Pablo’s Long Shadow


Edificio monaco


Remembering the fallen

In preparation for demolition, Medellín reminds tourists of the price paid

because of you someone I know was murdered

This, the Edefício Monaco, is all that remains of Pablo Escobar's brutal empire. I had no interest in him when I arrived. The kind people of Medellín want the world to forget about him. Until now I've been happy to oblige. But circumstances decided I need to understand; not just about the past, but about the decision Medellín made to move forward. Moving into Edefício Santa María only a block and a half from his headquarters forced me to confront the reality of those years.

When I learned that the Edeficio Monaco is to be demolished early 2019, I took the short walk to the now-dilapidated stronghold.  It's one thing to hear his name mentioned on the news in my Seattle living room or to watch that Netflix show (I stopped after one episode). It's quite another to stand at the actual epicenter of so much suffering. Death radiated outward from there.

In Medellín, they bore the brunt of it. In the US we think of the devastated American neighborhoods; of the epidemic of addiction and violence; of the ravaged swaths of both inner cities and small towns. But distant Medellín was ground zero. I'm told that every single person in Medellín over age 30 knows someone murdered because of him. Kidnapping, rape, and murder were commonplace. Judges, police officers, journalists, and politicians were assassinated. Across the city, parents desperately scraped together money to send their children away overseas. Neighborhoods like La Sierra went to war with the adjacent barrios for control of the flow of money and merchandise.

We in the United States rightly place the blame on Escobar for that reign of terror. But we cannot ignore our own role. So many in the USA played in the same game; in many ways for the same team. And not just gangsters in poor inner-city neighborhoods or hardcore addicts. Not at all. In ways large and small, mainstream Americans blithely funded the murder of tens of thousands.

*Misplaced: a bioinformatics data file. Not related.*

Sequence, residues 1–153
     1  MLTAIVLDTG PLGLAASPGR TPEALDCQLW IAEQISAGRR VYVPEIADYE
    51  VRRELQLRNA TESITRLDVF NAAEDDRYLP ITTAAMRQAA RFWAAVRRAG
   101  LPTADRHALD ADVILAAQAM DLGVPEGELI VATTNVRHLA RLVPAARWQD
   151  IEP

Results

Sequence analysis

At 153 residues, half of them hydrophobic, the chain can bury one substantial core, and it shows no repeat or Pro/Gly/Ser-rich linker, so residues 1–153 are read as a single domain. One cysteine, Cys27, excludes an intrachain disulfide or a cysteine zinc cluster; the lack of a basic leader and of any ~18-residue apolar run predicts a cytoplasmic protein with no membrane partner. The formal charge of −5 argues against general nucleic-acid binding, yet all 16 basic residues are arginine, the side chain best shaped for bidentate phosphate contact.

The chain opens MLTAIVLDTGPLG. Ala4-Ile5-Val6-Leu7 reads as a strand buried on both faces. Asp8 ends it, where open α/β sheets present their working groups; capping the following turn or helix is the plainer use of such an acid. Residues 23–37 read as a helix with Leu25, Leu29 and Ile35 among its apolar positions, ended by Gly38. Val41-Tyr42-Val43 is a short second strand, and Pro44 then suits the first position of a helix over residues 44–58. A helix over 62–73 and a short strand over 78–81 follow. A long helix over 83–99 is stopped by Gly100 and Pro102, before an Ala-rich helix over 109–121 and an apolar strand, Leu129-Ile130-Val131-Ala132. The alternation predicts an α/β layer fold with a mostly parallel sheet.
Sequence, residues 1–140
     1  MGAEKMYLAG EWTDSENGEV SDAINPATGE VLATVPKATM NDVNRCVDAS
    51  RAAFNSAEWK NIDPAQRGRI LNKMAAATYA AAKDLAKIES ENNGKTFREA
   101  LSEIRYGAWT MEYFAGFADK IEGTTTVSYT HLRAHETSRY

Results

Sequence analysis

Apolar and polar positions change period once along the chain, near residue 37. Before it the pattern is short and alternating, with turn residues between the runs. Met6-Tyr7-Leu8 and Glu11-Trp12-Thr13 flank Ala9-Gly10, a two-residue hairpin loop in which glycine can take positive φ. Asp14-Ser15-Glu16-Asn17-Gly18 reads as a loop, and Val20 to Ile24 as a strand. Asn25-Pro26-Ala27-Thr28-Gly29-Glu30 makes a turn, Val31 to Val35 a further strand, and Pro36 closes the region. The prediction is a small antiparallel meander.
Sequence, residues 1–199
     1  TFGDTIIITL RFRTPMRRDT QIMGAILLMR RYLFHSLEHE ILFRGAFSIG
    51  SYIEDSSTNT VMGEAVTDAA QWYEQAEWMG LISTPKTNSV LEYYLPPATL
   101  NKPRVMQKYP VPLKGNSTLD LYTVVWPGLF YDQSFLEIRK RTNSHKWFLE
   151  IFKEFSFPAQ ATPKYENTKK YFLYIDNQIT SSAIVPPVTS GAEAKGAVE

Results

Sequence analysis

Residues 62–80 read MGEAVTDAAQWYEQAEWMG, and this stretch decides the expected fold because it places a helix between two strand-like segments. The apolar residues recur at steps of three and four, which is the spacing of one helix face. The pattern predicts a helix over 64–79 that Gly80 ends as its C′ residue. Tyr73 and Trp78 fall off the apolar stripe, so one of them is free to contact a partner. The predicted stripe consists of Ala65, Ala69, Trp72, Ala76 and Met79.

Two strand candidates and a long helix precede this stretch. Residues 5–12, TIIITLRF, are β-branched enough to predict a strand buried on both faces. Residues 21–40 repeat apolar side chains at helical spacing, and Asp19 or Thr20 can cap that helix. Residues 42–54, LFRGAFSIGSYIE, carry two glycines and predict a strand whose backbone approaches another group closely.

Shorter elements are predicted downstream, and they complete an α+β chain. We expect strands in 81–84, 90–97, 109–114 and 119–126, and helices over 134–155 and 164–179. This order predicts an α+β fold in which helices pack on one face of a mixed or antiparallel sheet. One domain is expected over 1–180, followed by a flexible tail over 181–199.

Every “recreational” purchase of cocaine in the USA was paid for in Colombian blood. That party weekend in Los Angeles or Miami led to a teenager's throat cut in La Sierra; a judge hammered with bullets in Bogotá; a teenage daughter kidnapped and raped in Medellín. Wall Street stock brokers played, as did Hollywood celebrities, professional athletes, journalists, artists, politicians, and Silicon Valley entrepreneurs. High school students--both rich and poor--took part. And also college students from tech schools all the way to the Ivy League. Millions of ordinary people now in professional careers and with happy children played.

As did many of our most fervent and articulate voices for social justice. People who are looked on today as advocates for the underprivileged and downtrodden have admitted to playing.

How many mothers in far-off Colombia mourned the death of a child as a direct result of that exciting weekend in New York?  That little party at a friend's house? So many believed that it was just an innocent fun way back when; a victimless activity.

Choices have consequences, sometimes heart-wrenching to learn. The funding of depredation is one of them. No doubt there are those who are horrified to think at how lightly they made the choice to finance the violence by having a “little party.”

Every person in Medellín can justifiably point to each of these Americans and say “because of you someone I know was murdered.” As I interact with these kind and generous folk, it grieves me to think about what they suffered as a direct result of American indulgence. They have every reason to carry anger and resentment. And there is no shortage of people who would profit if they did.

But…they don't. They've put it behind them; forgiven; moved on. They choose to think about the present and future instead of dwelling on the past. And so Medellín sparkles with warmth and life.